There are many reasons women continue to remain underrepresented in the literature6. Within the context of academic publishing, women have been found to publish fewer papers and are less likely to be listed as first authors7, will have their papers cited less either by themselves or by others (Larivière 2013; King et al. 2017), are less likely to submit to high impact journals (Filardo et al. 2016; Mayer and Rathmann 2018; Shen et al. 2018), are less likely to be invited to peer review at all career stages (Lerback and Hanson 2017), including within Earth sciences8, are held to a higher standard (Knobloch-Westerwick 2013; Hengel 2017; Fox and Paine 2019) and are more likely to be pressured into adding co-authors (Fong 2017). They are also less likely to be invited to participate in seminars, conferences and panels (Nittrouer et al. 2018). Within their institutes, women are also more likely to shoulder greater administrative and teaching responsibilities (Guarino and Borden 2017), and be paid less than their male counterparts. Women with childcare responsibilities are also less able to travel for work and are presented with fewer networking opportunities.
Additional factors determining whether women stay in science long term include challenges associated with childcare responsibilities (in addition to travel), widespread sexual harassment and bullying within research institutes9, and the so-called ‘subtle sexism’ that women and girls experience in science and throughout their lives (Serio 2016). Until women are equally represented at all levels in research, we can expect to see inequality reflected in the literature.
What proportion of female authors do we expect to see in palaeontology?
We know fewer women than men are employed in long-term positions in palaeontology, and this disparity is anticipated in published-author gender ratios. A useful basis for comparison would therefore be the proportion of women actually employed in palaeontology. Data collected during the PalAss Diversity Study suggest that women make up 35% of individuals working in the field, with 80% of female respondents under 45 years of age. Age (a general proxy for career stage) of authors is important to consider, because women have been underrepresented historically within the Earth sciences. This means the proportion of women contributing to the literature is expected to be lowest among senior academics, which is commonly considered the most productive phase (in terms of publication output) of an individual’s career. Even considering these factors, lack of change in the proportion of women contributing to palaeontology in recent decades might seem surprising—especially among first authors, who are more likely to be at earlier career stages.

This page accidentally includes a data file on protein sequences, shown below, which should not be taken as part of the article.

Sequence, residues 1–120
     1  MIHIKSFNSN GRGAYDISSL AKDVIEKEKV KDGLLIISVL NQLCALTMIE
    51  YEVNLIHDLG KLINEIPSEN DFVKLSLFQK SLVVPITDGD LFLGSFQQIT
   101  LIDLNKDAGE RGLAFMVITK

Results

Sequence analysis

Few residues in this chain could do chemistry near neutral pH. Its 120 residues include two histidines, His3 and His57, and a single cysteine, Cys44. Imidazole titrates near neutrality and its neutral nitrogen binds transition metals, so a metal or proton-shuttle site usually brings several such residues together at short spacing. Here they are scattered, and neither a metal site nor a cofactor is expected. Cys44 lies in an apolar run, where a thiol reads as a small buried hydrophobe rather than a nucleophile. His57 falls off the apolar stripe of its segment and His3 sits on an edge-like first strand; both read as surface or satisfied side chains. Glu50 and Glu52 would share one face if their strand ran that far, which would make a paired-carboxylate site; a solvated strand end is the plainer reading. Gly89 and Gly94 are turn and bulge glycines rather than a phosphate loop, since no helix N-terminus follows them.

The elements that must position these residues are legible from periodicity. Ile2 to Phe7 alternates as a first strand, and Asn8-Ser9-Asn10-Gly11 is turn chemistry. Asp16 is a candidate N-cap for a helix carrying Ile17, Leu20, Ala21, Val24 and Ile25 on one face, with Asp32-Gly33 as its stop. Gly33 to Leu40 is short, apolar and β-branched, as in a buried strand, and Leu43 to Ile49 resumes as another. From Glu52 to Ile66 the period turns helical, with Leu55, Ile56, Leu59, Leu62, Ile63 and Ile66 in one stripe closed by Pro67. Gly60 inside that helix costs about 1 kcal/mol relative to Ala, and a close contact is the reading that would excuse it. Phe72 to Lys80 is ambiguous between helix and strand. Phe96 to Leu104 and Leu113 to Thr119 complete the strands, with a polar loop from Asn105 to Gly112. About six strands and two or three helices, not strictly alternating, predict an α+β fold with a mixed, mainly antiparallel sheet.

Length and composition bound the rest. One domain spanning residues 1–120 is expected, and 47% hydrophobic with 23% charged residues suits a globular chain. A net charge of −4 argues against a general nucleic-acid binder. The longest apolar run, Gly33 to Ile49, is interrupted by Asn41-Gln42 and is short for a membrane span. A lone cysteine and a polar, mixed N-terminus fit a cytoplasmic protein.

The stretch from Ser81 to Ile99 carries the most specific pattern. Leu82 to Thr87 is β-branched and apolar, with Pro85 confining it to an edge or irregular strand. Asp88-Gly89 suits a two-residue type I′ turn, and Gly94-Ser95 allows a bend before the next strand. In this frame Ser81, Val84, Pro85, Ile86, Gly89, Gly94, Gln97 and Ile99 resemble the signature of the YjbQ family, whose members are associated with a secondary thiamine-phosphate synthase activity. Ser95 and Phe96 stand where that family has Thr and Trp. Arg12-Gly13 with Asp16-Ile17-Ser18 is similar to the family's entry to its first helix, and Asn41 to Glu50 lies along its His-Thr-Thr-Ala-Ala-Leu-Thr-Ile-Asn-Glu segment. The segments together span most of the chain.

Data and Methods
Author information was downloaded from the Palaeontology journal website for all available articles, which span the interval 1957–2019, using the R packages xml2 and Rvest. Gender was predicted based on first names with the R package gender using three methods (= databases): ssa, ipums and napp. Gender was assigned using the most frequent value returned using the three methods, and uncertainty (the proportion of times that another gender was associated with a given name) was taken as the average across methods. Names that could not be assigned to either gender above the 80% confidence level were treated as “unknown”. Most unknowns can be attributed to first names being represented in the database by initials only. We emphasise that our approach to gender assignment makes the assumption that gender is binary, which is not representative of the diversity of genders within the palaeontology community1. Best practice would be to ask authors to self-declare their gender upon article submission, or to contact authors individually and ask them to report their gender or opt out of analyses, and we encourage this approach going forward. However, this methodology is not possible for analyses such as this, which use historical data on a large scale. We also note that the name data in this package is based on US and Northern European census data, and thus a demographic bias will be introduced. No attempts were made to manually assign gender, in order to ensure the results are fully reproducible. We also note that such an approach in this instance would often be practically impossible (for example, where common initial and surname combinations occur). All code available to reproduce figures and tables is available online10.